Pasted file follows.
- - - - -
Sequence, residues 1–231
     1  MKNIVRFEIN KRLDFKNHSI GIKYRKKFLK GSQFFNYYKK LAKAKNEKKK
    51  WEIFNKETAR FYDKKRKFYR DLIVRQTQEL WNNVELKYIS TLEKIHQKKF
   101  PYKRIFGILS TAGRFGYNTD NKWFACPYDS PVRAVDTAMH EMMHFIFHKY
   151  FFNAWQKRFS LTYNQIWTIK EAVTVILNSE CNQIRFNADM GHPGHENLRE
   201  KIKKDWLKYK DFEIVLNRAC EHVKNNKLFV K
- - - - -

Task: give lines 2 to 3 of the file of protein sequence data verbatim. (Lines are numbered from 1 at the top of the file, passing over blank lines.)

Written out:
     1  MKNIVRFEIN KRLDFKNHSI GIKYRKKFLK GSQFFNYYKK LAKAKNEKKK
    51  WEIFNKETAR FYDKKRKFYR DLIVRQTQEL WNNVELKYIS TLEKIHQKKF